Flashback: Controversy, carnage in first Adelaide 500
Repco Supercars Championship
By Stefan Bartholomaeus
Controversial. Physical. Sensational.
The first running of the Adelaide 500 in 1999, held under the Sensational Adelaide 500 catchcry, had it all.
Four years after Formula 1 departed Adelaide for the last time, the inaugural 500 proved the home-grown heroes were more than capable of taking centre stage.
Fans flocked in – a reported 158,000 over the three days – and witnessed a spectacle unlike any the category had put on before it.
Then at the peak of his powers at the Holden Racing Team, young star Craig Lowndes proved the headline act.
He was the villain on Saturday, involved in multiple incidents, including punting Danny Osborne’s privateer Ford into the wall on the back straight, on his way to victory.
On Sunday morning Lowndes was disqualified from the opening leg, losing 100 points and $40,000 in prize money, as well as being forced to start the second 250km from the rear.
In an era where 20-minute sprint races were still the norm, backing up for a second 250km race proved torturous, no matter where you started.
Ford hero Paul Radisich was carried from his Dick Johnson Racing Falcon after being overcome by fumes, while Mark Skaife and John Faulkner retired with back issues.
Others such as Glenn Seton joined Skaife in alternating between right and left foot braking to alleviate the physical stress.
Blisters and heat exhaustion were the order of the day and, while sailing through the field to victory, Lowndes was not immune.
“It was unexpected to be on the top step at the end of the day, but I remember standing on the podium exhausted,” he reflected to Supercars.com.
“I remember taking my shoes off, my feet were burning, my body was exhausted but we got the result we needed.
“It went on to be one of the best victories I’ve had in my whole career. That year was my last championship win, so there are some very fond memories.”
Lowndes’ Saturday points and money were reinstated at a CAMS tribunal following the event, ending an unusual saga.
The action off-track had been just as action-packed as that on it throughout the weekend, with the twin 250km format receiving several on-the-run changes.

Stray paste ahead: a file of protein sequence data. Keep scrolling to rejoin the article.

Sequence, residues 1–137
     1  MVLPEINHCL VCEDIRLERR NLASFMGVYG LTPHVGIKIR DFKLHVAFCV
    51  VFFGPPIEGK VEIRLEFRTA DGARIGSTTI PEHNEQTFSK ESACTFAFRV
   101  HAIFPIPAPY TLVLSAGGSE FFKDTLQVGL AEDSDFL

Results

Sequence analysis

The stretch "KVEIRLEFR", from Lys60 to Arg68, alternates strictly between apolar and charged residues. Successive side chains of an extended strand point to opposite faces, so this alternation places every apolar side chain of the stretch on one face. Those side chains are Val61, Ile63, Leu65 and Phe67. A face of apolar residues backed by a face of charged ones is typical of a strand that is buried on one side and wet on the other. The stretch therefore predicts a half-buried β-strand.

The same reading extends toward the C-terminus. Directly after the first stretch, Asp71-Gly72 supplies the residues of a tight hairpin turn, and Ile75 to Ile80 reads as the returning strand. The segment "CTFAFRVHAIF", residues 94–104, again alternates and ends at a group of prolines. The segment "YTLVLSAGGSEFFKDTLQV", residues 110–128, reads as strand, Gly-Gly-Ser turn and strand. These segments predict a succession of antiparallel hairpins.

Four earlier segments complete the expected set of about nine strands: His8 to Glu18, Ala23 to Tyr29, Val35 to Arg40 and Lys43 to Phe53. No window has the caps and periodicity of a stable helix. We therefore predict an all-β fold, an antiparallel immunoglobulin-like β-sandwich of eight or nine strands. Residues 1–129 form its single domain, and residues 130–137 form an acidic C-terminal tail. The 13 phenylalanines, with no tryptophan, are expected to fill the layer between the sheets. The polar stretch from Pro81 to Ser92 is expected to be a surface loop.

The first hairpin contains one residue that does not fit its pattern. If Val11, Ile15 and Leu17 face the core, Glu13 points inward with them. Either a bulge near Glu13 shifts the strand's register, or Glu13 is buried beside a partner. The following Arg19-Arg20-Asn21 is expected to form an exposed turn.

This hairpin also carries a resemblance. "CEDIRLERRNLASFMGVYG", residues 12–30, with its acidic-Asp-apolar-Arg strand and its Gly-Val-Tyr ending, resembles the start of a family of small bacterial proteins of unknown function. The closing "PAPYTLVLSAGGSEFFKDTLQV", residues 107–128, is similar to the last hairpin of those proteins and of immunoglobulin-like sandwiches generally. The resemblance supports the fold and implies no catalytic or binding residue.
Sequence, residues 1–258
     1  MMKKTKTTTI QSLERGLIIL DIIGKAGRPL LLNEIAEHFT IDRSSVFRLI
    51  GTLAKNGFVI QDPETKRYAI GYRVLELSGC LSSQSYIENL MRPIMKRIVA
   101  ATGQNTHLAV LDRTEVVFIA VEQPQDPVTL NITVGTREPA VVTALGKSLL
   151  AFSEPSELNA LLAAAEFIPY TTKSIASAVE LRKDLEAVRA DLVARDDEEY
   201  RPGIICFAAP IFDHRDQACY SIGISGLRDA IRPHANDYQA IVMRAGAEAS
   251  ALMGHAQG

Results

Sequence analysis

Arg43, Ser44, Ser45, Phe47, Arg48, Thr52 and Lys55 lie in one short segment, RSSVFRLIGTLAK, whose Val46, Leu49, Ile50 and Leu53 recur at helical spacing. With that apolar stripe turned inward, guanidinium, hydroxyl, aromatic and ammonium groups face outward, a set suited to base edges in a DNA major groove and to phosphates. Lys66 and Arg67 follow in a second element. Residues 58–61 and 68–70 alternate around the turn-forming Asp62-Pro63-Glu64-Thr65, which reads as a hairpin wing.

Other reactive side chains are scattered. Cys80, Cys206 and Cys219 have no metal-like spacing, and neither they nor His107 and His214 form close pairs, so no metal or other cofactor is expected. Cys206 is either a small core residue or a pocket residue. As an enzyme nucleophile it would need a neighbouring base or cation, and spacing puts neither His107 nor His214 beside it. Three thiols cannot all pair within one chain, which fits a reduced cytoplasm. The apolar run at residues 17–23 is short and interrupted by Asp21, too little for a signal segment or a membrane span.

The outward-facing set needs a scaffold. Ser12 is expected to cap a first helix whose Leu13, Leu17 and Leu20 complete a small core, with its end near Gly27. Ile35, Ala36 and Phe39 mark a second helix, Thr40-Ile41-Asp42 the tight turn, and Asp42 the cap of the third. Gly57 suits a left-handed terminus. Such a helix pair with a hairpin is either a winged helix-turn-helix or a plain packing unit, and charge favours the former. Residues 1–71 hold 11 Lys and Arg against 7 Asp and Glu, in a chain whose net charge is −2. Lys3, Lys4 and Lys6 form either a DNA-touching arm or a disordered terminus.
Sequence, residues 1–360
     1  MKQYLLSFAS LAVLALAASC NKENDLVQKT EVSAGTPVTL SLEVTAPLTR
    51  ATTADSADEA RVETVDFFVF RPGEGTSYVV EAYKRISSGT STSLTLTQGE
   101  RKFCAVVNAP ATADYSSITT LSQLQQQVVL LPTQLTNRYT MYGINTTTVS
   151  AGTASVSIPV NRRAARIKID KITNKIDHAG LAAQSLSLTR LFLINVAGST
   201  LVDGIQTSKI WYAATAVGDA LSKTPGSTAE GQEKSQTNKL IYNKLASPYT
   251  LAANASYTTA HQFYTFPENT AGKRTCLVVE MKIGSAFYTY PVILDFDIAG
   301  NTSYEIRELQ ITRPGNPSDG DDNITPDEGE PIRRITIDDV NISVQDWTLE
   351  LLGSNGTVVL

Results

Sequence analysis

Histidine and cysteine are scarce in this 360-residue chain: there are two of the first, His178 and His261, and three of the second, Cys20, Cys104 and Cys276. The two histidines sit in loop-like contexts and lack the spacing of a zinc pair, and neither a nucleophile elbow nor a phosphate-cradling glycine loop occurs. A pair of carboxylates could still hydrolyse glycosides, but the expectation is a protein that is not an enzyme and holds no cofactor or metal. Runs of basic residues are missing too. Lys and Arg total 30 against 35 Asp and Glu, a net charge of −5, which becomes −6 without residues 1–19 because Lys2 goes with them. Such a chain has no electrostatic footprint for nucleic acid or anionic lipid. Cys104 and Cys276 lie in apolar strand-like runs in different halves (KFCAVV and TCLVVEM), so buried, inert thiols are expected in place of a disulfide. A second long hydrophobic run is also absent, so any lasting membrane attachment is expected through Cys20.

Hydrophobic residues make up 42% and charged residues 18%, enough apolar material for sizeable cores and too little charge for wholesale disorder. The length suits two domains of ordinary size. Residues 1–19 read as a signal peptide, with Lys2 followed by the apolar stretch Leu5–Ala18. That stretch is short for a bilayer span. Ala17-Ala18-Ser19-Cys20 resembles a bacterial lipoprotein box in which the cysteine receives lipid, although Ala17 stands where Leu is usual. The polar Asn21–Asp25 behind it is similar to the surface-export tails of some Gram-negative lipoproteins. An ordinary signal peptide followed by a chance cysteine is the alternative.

Originally the 500 was being promoted as one race, simply split into two legs. Lowndes’ official winning race time stands at 25 hours, 35 minutes and 23 seconds.
The concept had been that no points at all would be awarded for the Saturday but, amid fears that the drivers would be too conservative, 100 were added at the last minute.
Furthermore, cars were to go into parc ferme conditions after the opening leg, with retirees unable to rejoin and those off the lead lap to remain that way for the second day.
That all changed on Saturday evening, allowing names such as Wayne Gardner – who had nearly come to blows with John Briggs following an early on-track skirmish - to rejoin.
Speaking after the Sunday race, then Supercars chairman Tony Cochrane admitted that the radical format idea had brought about some unforeseen challenges.
“There is no question we got a few of the rules wrong. I will fall on my sword on that one on behalf of my team,” he said.
“We made some errors and we tried to correct most of them during the weekend. It’s been a giant learning curve, but one that we have really enjoyed.”
Although 1999 remains the only year the event was considered one race, the spirit of the format lives on with the Sunday victor declared the winner of the Adelaide 500.
The only anomaly to that is 2000, where the supplementary regulations declared the round winner based on who scored the most points across the two races.
Sunday race winner Mark Skaife was awarded the Clipsal 500 trophy on the day, but Garth Tander sits in the record books as the winner of the event, and Garry Rogers Motorsport retains the round winner's wreath.
While declaring an event winner based on the Sunday result remains remains a unique format, Adelaide set a template for a series of new street races that followed during the 2000s.
Running under the Clipsal 500 banner from 2000 to '17, the Adelaide 500 name returns for the event’s 20th running this week, kicking off the '18 Virgin Australia Supercars Championship.
Lowndes and Tander are the only two drivers to have competed at every event. The inaugural year remains Lowndes' only 500 win, while Tander added the 2010 trophy to his '00 success.